23. KB then kissed Ms. Van Horn on her cheek, in front of her ear. Ms. Van Horn responded by moving to a single chair and stated that the kiss on the check was inappropriate because she was a staff member, not his girlfriend or a family member. KB apologized and requested a hug.

24. Ms. Van Horn agreed, but when KB reached his arms out for a hug, he grabbed at and touched her breast. The contact was brief and caused Ms. Van Horn no physical pain. She backed away and refused further pleas for a hug. Ms. Van Horn told KB that she would not tolerate that type of behavior from him or any other male and suggested that he go to bed.

25. To distance herself from the situation, Ms. Van Horn went into the bathroom and shut the door, while KB stood outside yelling at her. He eventually calmed down, and she came out. Ms. Van Horn recounted all of this in her DS for the day.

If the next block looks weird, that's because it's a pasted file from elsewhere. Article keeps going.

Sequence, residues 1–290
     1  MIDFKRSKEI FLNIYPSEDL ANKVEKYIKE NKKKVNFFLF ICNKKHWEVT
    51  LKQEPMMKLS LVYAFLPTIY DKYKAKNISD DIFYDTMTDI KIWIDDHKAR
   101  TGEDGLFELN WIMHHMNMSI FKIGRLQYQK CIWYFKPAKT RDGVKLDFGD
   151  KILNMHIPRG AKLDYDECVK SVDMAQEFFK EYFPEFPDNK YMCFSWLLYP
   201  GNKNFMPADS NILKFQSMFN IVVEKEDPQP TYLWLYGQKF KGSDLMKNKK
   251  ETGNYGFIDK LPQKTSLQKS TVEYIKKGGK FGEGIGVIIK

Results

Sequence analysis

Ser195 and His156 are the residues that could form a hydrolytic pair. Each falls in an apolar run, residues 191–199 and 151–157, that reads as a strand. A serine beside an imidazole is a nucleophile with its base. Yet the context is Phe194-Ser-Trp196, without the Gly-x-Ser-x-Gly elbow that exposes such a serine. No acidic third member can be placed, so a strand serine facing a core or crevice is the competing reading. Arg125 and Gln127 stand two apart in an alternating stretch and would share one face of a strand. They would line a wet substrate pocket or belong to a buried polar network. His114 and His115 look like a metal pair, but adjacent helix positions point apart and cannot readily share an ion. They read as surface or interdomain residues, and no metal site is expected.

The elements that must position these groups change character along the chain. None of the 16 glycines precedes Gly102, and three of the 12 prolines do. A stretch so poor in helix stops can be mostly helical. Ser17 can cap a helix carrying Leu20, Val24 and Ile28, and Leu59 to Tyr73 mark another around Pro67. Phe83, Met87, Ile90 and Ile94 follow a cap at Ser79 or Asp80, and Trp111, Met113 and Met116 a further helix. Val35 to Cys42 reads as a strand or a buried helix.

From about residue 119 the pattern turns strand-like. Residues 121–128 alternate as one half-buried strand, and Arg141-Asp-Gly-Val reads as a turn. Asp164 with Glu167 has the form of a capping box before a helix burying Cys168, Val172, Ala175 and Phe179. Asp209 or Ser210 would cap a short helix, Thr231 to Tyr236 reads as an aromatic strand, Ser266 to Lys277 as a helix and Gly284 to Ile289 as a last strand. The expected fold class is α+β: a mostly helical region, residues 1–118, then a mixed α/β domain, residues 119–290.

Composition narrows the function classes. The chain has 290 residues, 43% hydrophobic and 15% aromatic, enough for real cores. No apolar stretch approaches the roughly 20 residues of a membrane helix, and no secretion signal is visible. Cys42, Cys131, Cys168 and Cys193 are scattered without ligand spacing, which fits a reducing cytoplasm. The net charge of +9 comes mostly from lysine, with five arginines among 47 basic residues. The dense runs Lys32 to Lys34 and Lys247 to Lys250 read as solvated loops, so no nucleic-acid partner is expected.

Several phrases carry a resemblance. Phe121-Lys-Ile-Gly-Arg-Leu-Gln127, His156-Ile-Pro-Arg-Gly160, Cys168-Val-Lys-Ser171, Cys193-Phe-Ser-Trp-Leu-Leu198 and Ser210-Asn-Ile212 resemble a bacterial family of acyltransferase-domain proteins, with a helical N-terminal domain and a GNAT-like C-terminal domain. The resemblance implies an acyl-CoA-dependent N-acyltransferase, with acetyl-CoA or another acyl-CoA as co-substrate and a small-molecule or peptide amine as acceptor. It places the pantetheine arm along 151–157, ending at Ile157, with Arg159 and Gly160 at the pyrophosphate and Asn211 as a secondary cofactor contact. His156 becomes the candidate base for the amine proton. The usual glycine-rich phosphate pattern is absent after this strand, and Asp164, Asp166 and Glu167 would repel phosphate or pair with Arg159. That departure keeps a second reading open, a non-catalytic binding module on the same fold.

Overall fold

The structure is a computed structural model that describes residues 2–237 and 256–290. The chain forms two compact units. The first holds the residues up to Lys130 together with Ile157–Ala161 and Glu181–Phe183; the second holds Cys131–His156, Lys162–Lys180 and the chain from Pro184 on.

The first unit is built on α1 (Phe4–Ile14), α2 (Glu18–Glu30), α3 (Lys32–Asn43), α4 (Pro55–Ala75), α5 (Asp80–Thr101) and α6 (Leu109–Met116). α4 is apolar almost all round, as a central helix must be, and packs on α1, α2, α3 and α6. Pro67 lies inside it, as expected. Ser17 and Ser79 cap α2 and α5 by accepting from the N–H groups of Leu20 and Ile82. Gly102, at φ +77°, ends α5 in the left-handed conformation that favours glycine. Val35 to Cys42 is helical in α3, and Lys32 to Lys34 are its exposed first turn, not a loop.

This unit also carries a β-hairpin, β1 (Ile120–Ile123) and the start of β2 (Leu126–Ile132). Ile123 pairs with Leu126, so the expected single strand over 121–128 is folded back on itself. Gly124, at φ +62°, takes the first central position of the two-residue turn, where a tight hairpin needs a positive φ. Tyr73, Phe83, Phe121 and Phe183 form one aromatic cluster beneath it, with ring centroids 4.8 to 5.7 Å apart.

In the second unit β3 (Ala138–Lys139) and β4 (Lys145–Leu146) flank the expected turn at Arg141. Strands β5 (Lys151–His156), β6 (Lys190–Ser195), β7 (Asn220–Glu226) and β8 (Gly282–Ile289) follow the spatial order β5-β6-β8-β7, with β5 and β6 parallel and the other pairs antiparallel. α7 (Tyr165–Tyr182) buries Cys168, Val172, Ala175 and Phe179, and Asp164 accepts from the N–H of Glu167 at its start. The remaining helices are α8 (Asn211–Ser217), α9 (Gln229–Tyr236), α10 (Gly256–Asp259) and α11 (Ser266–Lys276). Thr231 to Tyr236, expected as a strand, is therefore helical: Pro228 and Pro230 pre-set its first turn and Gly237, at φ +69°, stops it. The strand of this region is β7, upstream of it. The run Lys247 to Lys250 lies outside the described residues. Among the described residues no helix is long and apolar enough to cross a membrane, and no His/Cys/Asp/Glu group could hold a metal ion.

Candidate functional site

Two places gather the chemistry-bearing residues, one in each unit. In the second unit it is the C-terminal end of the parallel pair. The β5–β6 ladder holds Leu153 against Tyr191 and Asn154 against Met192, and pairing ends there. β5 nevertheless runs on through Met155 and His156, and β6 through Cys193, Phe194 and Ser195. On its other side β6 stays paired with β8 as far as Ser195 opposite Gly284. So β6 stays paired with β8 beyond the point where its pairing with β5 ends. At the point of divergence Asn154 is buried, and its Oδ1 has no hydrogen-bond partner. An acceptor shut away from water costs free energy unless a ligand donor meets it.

26. Ms. Van Horn feared that KB's inappropriate behavior was intensifying and she was unsure of how to handle it. She notified Ms. Brownrigg of the incident. Ms. Brownrigg passed along the information concerning the incident to Ms. Crawford, and affirmed Ms. Van Horn's handling of the incident. Ms. Van Horn did not file a formal incident report after noting the incident in her DS.

27. Ms. Van Horn recounted the incident at a staff meeting and expressed her concern that KB's behavior was getting worse. The staff and supervisors at the meeting offered no assistance or guidance to her. No action was taken by any employees of SSS. At the staff meeting, Ms. Van Horn also commented that if KB displayed these behaviors to a woman in public, he could get slapped. She was concerned that KB was not learning appropriate behaviors and might face repercussions if he displayed inappropriate behaviors in public.